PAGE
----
A 3D model convinced a patient to have surgery — and showed his doctor a better way to proceed.

In 2017, feeling “lousy and in pain,” Bob Fedorowicz found himself at UPMC Williamsport’s Emergency Department (ED). A CT scan showed the problem was likely his gall bladder — but it also revealed a spot on his left kidney. The care team in the ED suggested Bob get it checked out.

“It took me a while to get around to seeing a specialist,” admits the Williamsport customer service professional. “By the time I got around to setting up an appointment a year later, it had grown. When I saw the scans, it was much larger than I expected it to be,” says Bob.

He was referred to urologist Christopher Reilly, MD, a specialist in robotic surgery at UPMC Williamsport. Although the mass was slow-growing and likely benign, Bob was warned it could become cancerous or create other problems.

“Dr. Reilly said my options were to remove both the tumor and my left kidney, or we could keep an eye on it with regular biopsies and scans,” says Bob, now 64.

Bob opted for watchful observation. Over a two-year period, he got regular CT scans and biopsies, and met several times with Dr. Reilly to review the scans. “I was very apprehensive about having surgery,” says Bob. “I just didn’t want to lose my kidney if I could avoid it.”

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Seeing Is Believing

In 2020, Dr. Reilly suggested making a life-size 3D model of Bob’s kidney — and it proved to be a game-changer. Using data from a patient’s CT scan or ultrasound images, a 3D printer generates an actual physical model. The model shows in detail the anatomy of the organ and the problem.

“Looking at Bob’s CT scans, as a doctor, I could see how big his tumor had become. But CT scans show images in single slices, so it’s often not easy for the patient to visualize and understand what I’m seeing.

“The 3D model can be a really powerful tool,” says Dr. Reilly. “When I showed it to Bob, his eyes opened up. He thought the tumor was about the size of a golf ball.”

“When I held the model in my hands, I could see it was the size of a handball”, says Bob. “I told Dr. Reilly right then to sign me up for surgery.”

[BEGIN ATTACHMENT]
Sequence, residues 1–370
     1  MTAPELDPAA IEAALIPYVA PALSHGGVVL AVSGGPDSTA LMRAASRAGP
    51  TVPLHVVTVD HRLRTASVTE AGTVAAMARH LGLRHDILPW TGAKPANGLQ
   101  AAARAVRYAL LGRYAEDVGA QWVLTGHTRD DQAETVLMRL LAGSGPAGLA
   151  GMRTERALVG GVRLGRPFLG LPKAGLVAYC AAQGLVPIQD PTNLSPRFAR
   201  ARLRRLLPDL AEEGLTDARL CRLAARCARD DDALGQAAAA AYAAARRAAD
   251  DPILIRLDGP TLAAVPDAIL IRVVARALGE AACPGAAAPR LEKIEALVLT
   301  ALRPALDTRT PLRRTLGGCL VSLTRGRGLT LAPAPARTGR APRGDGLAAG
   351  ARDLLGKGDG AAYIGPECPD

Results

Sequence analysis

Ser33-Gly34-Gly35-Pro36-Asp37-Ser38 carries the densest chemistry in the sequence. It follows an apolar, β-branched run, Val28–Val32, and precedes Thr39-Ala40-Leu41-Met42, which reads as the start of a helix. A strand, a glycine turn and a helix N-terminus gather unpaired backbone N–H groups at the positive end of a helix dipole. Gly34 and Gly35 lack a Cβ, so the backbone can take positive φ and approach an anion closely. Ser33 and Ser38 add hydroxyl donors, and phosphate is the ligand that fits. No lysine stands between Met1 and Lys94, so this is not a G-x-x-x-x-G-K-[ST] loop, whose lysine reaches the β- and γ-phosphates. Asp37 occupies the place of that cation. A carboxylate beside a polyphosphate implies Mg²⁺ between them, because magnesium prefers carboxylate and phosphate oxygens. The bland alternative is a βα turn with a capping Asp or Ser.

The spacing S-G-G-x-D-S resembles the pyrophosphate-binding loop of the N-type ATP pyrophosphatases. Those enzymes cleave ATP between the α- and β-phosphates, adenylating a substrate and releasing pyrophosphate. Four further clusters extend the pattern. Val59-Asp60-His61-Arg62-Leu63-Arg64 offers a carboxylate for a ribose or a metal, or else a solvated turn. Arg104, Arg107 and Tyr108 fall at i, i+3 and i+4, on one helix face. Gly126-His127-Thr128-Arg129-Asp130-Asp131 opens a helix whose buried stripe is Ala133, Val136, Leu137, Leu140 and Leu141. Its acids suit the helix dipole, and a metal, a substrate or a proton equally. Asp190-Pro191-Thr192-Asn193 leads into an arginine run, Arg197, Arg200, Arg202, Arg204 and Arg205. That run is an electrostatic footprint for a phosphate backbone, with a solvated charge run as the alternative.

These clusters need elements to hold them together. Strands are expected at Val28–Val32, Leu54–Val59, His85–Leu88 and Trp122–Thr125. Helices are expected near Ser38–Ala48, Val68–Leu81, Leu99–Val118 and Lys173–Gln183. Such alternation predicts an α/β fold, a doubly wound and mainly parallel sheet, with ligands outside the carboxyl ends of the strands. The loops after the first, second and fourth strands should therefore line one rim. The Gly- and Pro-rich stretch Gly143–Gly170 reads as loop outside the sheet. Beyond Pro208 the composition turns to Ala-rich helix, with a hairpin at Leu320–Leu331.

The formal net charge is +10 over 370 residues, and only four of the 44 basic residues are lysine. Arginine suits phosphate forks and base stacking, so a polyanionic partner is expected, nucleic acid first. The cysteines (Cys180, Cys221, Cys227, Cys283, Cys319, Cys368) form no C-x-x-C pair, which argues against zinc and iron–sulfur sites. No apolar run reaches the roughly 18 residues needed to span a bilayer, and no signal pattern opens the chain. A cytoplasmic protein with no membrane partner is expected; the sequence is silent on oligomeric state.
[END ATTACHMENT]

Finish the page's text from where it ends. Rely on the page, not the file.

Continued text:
In Bob’s case, the 3D model resulted in another important benefit. “Scans showed an 80% likelihood that Bob’s tumor was benign. But it had deeply penetrated into his kidney. “The standard of care when that happens is to remove the kidney,” says Dr. Reilly. “But when I saw the 3D model, I was pretty confident that I could save Bob’s kidney. It wouldn’t be an easy operation — but it meant Bob wouldn’t lose the kidney.”

Dr. Reilly has been with UPMC for 20 years and completed a fellowship in robotic surgery in 2012-13. When he learned that UPMC Imaging Services’ 3D Printing Program in Pittsburgh offered 3D models, “I was committed to utilizing this innovative tool to educate patients, while also helping me better visualize every move of an operation with greater precision.

“The 3D model showed the actual relationship of the tumor to the organ, plus the location of the urinary tract and blood vessels,” says Dr. Reilly. “With the model, I knew exactly where to find the tumor and the best way to approach Bob’s surgery. I was able to remove the tumor, reconstruct the kidney, and confirm it was benign without sacrificing the kidney.”

Great Outcomes

“I can’t express how grateful I am for Dr. Reilly, Amy McCorkel, PA-C, and the rest of the care team. They were so attentive and caring. After meeting them at my initial appointments, I was very confident that they would take good care of me.” says Bob. “Dr. Reilly did everything in his power to save my kidney and ultimately only needed to remove about half of it. Because of him, I feel great, and my left kidney is fully functioning.”

About Urology

The UPMC Department of Urology offers a wide variety of specialized care for diseases of the male and female urinary tract and the male reproductive organs. We have a multifaceted team of physicians and researchers working together to provide the best care to both children and adults. Our team is nationally renowned for expertise in highly specialized technologies and minimally invasive surgical techniques. U.S. News & World Report ranks UPMC Presbyterian Shadyside among the best hospitals in the country for urological care.

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